11 May 2004

Baptists and church-state issues

If the Southern Baptist Convention does indeed adopt a resolution in favour of christian education, it could also portend a departure from the usual Baptist affirmation of a particular understanding of church-state separation. Baptists, at least in the US, have generally claimed to favour something approaching Thomas Jefferson's "wall of separation" between church and state. This is often taken to imply, among other things, a pro-choice position on abortion and an opposition to government financial support for independent schools, as seen in the American Baptist Policy Statement on Church and State of the American Baptist Churches. A much briefer "Affirmation of Our Faith" by the Baptist General Conference, a small body with Swedish origins, similarly claims that "Church and State must be kept separate as having different functions, each fulfilling its duties free from dictation or patronage of the other," although it refrains from drawing any specific implications.

The Southern Baptist Convention appears to have modified this somewhat rigid understanding of church-state separation. According to its website,
We stand for a free church in a free state. Neither one should control the affairs of the other. We support the First Amendment to the United States Constitution, with its "establishment" and "free exercise" clauses.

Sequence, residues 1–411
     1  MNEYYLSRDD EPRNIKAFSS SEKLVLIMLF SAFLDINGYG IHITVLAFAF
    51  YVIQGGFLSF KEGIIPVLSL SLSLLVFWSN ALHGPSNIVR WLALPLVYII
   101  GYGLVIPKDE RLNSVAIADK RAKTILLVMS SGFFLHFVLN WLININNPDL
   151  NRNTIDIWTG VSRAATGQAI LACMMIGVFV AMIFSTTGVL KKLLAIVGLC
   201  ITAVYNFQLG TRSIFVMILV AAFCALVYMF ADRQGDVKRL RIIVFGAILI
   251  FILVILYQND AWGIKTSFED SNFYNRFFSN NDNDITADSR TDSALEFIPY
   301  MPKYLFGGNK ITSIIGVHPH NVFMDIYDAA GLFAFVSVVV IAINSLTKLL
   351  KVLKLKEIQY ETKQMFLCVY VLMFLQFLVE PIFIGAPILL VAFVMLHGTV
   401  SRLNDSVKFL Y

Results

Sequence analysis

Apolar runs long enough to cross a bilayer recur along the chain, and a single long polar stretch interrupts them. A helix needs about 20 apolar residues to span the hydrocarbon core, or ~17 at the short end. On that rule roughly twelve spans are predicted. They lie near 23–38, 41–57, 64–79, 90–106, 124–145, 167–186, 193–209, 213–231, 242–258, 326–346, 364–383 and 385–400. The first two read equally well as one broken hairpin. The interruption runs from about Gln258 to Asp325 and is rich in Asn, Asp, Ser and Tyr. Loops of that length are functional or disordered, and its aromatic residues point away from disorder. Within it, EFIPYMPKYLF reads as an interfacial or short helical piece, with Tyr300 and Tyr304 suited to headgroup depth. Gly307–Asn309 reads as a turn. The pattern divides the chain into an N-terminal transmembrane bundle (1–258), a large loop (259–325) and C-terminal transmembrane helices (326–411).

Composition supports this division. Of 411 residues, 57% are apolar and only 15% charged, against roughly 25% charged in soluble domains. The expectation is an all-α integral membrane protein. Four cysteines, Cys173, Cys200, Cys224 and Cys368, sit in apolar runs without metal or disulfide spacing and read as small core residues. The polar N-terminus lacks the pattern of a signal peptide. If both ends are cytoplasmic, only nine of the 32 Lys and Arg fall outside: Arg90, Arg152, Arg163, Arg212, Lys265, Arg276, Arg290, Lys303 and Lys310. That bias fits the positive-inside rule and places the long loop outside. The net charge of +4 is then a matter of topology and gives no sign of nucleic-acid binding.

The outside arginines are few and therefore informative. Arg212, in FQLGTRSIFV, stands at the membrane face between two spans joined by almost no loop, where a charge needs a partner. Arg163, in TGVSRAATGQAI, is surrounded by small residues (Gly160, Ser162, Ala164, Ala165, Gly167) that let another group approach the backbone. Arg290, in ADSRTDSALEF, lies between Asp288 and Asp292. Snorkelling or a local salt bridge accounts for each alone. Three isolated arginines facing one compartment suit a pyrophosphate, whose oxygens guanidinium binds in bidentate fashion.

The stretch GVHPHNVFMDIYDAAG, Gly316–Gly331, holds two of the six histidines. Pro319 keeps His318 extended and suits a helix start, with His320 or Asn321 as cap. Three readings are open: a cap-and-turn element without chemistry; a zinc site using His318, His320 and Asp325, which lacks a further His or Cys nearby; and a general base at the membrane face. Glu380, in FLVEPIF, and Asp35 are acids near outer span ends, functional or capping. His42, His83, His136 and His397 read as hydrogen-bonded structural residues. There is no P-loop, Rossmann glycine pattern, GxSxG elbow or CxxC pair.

We do, of course, acknowledge the legitimate interplay of these two spheres. For example, it is appropriate for the state to enact and enforce fire codes for the church nurseries. It is also appropriate for ministers to offer prayer at civic functions. Neither the Constitution nor Baptist tradition would build a wall of separation against such practices as these.

The second paragraph would appear to lean very slightly towards what might be labelled a more accommodationist approach to church-state relations -- one which would have government treating the various religious communities and their activities in an even-handed, equitable fashion. This could open the door to the ecclesiastical acceptance of a legitimate government role in recognizing and supporting financially the prior rights of parents to educate their own children. If so, it would mark something of a watershed in the larger Baptist communion.

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